Gen. Frank McKenzie, the commander of US Central Command, visited the Kabul airport on Tuesday, saying that operations were being rapidly scaled up. “In meetings with Taliban senior leaders in Doha on Sunday, I cautioned them against interference in our evacuation, and made it clear to them that any attack would be met with overwhelming force in the defense of our forces,” McKenzie said.
The Pentagon said Tuesday it expects to be able to evacuate 5,000-to-9,000 passengers per day once the evacuation at the airport is running at full steam. US military flights on Tuesday “evacuated approximately more than 1,000 people, including 330 U.S. citizens and permanent residents,” Price said in a statement Tuesday.
Price said the US has “evacuated more than 3,000 people so far, including our personnel,” and has relocated nearly 2,000 Afghan special immigrants to the United States.
‘We are going to have to take people’
In the US, congressional offices have been fielding a multitude calls from constituents with relatives and friends at various stages of the visa process who are now desperately trying to leave Afghanistan, as well as US citizens who are stuck and unsure if they can get beyond Taliban checkpoints to make it to the airport.
The office of Rep. Andy Kim, a New Jersey Democrat, told visa applicants visa and passport appointments at the US embassy in Afghanistan, which has been closed and move to the airport, had been canceled — and that passports in the embassy’s possession had been destroyed, seemingly making it more difficult for those Afghans to be able to leave the country.
The State Department did not respond to a request for comment about the passports. It is unclear why the passports were destroyed but it is possible that diplomats determined that it would have been dangerous for the documents to fall into the hands of the Taliban, who could then target those Afghans.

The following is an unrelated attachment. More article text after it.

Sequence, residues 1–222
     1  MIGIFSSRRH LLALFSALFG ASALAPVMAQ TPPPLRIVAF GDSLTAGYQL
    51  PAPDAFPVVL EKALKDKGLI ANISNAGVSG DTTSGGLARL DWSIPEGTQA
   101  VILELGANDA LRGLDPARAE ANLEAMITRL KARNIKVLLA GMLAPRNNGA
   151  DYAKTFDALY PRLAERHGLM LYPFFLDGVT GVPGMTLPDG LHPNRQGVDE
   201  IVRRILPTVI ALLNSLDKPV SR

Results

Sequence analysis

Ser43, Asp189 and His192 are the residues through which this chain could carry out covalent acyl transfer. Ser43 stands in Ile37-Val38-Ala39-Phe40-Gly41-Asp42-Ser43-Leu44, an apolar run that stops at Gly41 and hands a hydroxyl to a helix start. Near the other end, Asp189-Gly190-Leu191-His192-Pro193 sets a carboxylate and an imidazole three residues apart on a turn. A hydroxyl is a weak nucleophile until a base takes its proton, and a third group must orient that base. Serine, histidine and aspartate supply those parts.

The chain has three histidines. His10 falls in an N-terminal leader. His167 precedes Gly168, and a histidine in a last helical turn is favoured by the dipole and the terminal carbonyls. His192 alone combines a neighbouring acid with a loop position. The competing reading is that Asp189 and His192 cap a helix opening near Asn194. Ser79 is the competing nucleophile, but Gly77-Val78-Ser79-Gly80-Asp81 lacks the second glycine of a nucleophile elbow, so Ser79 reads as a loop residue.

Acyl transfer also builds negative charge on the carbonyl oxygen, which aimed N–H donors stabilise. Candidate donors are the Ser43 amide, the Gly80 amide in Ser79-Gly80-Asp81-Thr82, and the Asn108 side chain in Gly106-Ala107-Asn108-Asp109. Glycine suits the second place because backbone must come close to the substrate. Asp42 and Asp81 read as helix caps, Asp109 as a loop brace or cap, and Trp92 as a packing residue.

“We are going to have to take people without passports and vet them in other ways, like with their phone numbers for example, said Rep. Tom Malinowski, a New Jersey Democrat and former State official. “Any Afghans braving the trip to the airport will not have wanted to go there with identifying documents, anyway.”
Rep. Gerry Connolly, a Virginia Democrat, said his office has opened more than 70 cases for constituents with relatives and friends stuck in Afghanistan in the SIV program trying to escape, and his aides are trying to get them into the system for processing.
“What we’re trying to press upon the State Department and other federal agencies is, let’s not be overly concerned about documentation, some of these people fled without their documents and we need to focus on getting as many of the people involved out of their as quickly as we can,” Connolly told CNN.
‘Nobody thought this was going to happen’
In the meantime, Afghans who worked for the US are living in fear, desperate to try to get themselves and their loved ones to safety.
Ahmad Shah Mohibi, who worked in Afghanistan as a translator with the US military, says he’s trying to evacuate his parents. Although they received preliminary visa approval, the process has been slow, and it was delayed even further by curtailing of services at the US Embassy. Now, with the embassy operating out of the airport with only limited staff, it’s unclear how the State Department will handle their case.
Mohibi was 16 years old when he began working with the U.S. military at Camp Phoenix in Kabul. He provided an identity document that showed his age as 19, he said. He had learned English by taking classes and by memorizing manuals his father brought home from his work.
Now based in the US, he has tried in recent years to persuade his parents to leave Afghanistan, he says.
“My mom is scared of airplanes,” he says. “Nobody thought this was going to happen like this.”
Mohibi says he’s also applied for visas for other family members in Afghanistan, but those are on a slower track under US visa rules that could take years.
His fears for his family are real because the Taliban seem to know who he is. The Taliban spokesman blocked him on Twitter because he has spoken out about civilian atrocities the group has carried out in its drive to retake power.